SS: In the series of close up sartorial detail shots the viewer’s eyes search for indicators of individuality in a process that you have previously referred to as ‘half-steps of recognizable difference.’ How much individuality did you see?
RJ: The suit was pretty much always the same. The only things that changed from place to place had to do with the weather conditions—trench coats in Chicago, sunglasses in San Francisco, that sort of thing. On the surface, especially when you’re dealing with a “type,” you don’t see much difference at all, which was part of my point. When you reduce people to archetypes, or models, you create an instant layer of epistemological sludge that’s very difficult to see beneath. With the backs, I was intentionally operating on the most superficial possible level—taking pictures with very little information and asking people to discern something meaningful from the residue. There was a built-in level of frustration to the program. In the spirit of offering something other than total surface, I also shot a subset of hand gestures. I wanted these pictures to be a foil to the way the backs worked. They exude something sympathetic, at times even tragic in the range of emotion they betray from the otherwise solemn figures. They’re meant to rescue the project from being a one-dimensional, caricature-driven lampoon. If there was individuality in this project, half-steps or otherwise, it’s likely to be found in this subset.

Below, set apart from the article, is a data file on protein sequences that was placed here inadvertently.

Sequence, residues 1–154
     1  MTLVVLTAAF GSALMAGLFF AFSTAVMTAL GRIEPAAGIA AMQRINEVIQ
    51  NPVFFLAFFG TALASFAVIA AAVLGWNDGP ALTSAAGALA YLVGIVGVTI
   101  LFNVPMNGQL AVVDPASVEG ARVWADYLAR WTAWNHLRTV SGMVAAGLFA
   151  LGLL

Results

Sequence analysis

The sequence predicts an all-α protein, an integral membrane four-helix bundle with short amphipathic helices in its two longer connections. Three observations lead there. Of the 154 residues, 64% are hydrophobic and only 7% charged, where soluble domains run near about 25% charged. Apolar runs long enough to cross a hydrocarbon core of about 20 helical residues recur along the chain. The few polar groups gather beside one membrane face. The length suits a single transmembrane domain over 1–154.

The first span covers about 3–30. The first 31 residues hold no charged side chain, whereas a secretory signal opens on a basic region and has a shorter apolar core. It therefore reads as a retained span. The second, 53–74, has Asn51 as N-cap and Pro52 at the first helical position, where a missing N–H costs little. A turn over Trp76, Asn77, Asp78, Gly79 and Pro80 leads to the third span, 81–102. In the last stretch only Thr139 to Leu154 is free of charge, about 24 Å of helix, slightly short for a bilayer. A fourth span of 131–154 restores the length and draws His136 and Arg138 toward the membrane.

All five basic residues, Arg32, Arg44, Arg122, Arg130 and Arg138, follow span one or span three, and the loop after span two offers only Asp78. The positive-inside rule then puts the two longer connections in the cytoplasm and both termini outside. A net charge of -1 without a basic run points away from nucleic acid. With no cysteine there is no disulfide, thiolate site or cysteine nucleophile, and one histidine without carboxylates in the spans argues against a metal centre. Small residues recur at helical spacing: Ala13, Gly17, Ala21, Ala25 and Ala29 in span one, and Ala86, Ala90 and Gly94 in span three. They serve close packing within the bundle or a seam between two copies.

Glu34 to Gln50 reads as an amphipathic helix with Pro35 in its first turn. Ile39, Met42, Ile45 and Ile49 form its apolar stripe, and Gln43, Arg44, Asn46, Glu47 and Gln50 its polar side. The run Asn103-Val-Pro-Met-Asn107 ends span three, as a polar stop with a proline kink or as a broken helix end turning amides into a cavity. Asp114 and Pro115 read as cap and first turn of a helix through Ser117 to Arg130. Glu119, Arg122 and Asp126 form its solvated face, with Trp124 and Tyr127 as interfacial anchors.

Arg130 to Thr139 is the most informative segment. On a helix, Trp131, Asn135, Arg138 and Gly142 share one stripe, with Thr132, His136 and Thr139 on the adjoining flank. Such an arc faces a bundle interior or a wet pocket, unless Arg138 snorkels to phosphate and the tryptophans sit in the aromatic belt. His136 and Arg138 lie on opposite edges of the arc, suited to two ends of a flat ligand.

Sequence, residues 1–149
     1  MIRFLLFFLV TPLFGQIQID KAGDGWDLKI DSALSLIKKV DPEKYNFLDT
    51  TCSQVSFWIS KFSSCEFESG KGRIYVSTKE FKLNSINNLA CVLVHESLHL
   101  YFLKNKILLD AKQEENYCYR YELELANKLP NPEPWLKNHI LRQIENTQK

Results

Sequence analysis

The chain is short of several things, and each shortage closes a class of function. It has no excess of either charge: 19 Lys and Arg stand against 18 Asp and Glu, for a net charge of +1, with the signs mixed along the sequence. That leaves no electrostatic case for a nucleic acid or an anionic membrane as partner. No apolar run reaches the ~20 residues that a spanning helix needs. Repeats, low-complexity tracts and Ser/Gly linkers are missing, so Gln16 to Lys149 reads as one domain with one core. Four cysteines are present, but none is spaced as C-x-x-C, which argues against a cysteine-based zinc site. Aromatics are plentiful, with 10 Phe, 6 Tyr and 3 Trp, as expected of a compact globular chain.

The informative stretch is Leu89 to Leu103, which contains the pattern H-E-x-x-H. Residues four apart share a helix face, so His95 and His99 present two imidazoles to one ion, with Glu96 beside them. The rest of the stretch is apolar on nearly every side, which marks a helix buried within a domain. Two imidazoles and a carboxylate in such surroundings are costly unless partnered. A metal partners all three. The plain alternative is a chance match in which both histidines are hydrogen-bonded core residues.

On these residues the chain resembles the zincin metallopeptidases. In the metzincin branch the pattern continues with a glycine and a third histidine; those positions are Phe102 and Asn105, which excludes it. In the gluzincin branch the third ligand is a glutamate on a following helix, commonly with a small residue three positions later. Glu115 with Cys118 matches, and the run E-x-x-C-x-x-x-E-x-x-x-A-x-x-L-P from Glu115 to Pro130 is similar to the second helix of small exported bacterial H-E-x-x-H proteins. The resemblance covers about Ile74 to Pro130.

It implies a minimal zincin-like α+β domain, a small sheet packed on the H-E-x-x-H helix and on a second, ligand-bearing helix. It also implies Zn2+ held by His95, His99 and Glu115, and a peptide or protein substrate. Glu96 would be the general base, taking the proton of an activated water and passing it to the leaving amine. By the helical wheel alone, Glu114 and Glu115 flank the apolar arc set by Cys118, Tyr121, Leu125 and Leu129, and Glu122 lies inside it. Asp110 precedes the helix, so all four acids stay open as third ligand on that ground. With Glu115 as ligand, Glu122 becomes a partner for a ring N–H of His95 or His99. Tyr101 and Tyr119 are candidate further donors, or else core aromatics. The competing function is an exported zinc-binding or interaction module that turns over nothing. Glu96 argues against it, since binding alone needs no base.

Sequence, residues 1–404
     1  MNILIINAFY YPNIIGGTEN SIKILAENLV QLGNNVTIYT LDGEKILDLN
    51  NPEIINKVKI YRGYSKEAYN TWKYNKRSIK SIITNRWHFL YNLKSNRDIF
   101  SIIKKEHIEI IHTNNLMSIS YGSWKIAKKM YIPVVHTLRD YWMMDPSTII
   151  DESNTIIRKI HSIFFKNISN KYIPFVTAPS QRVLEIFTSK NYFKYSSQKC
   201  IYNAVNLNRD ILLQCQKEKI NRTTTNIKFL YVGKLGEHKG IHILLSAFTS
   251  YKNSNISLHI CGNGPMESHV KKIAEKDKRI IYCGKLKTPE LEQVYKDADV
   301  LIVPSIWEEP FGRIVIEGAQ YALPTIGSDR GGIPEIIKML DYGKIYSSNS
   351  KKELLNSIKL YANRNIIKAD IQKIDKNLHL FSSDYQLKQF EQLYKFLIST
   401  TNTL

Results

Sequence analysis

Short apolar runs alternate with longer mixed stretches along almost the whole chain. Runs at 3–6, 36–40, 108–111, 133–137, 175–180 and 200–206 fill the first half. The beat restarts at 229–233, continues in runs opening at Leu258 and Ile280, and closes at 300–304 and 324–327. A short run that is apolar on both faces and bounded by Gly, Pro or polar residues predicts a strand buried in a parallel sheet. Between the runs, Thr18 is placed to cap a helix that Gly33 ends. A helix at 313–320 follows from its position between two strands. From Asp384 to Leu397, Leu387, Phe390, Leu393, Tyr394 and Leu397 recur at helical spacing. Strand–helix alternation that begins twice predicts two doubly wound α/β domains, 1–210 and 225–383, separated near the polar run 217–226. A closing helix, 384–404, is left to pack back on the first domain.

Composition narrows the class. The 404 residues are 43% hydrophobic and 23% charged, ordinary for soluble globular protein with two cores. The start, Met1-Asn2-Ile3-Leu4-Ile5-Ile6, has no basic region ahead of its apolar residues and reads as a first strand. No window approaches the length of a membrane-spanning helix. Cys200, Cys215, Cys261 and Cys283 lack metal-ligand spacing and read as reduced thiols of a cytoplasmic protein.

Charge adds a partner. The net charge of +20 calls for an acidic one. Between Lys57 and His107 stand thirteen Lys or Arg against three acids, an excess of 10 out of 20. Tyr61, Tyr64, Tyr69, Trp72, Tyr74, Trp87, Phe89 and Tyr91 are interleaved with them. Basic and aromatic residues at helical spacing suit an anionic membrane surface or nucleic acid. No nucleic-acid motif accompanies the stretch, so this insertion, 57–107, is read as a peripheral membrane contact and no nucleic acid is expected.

SS: Returning to the body of work twenty years on (and following a financial world crisis or two) since you first focused your lens on the subject with the publication of the special editions with Libraryman, how does it make you feel?
RJ: It’s funny, I’ve thought about that, and I suppose on some level there is a renewed relevance to looking at these guys, and thinking about the impenetrable nature of who they are and what they do, and how much influence they wield on our lives. But to be honest, the political nature of the subject has never interested me as much as the philosophical questions that are being asked by the pictures. If there’s a morality at play in this work, it’s the morality of presumed knowledge more than that of political accountability. I think the political questions are important ones, but I would be falsely retrofitting new issues to old work in order to claim that these pictures ask those questions. Of course, releasing the book in the context of everything that’s happened over the past five years, people are bound to bring some of that to looking at these pictures. It’s inevitable and understandable, but ultimately doesn’t really change the heart of the work.
SS: Do you think much has changed? If you were to return to these districts or more around the world, would the series be any different or are these symbols of masculinity and hegemony much more lasting?
RJ: If I were to approach the work with the same intent I had back in 1992, I don’t doubt that the pictures would be pretty much the same. I don’t mean to say that the culture of high-finance hasn’t changed, because I really have no idea–maybe it has, maybe it hasn’t. The pictures would be the same because my relationship to the subject hasn’t changed. It was that relationship, after all, that drove the project.
SS: In addition to the launch of Executive Model, what are you working on?
RJ: Earlier this year I released a book called Lick Creek Line, which I’ve recently been preparing for exhibition. I’ll be showing it, along with Alpine Star and emmett at the Museum of Contemporary Photography in Chicago in 2013. I’ve also been shooting new material in the California desert for a project with the working title of Lago. I hope to turn my full attention to that work in the coming year.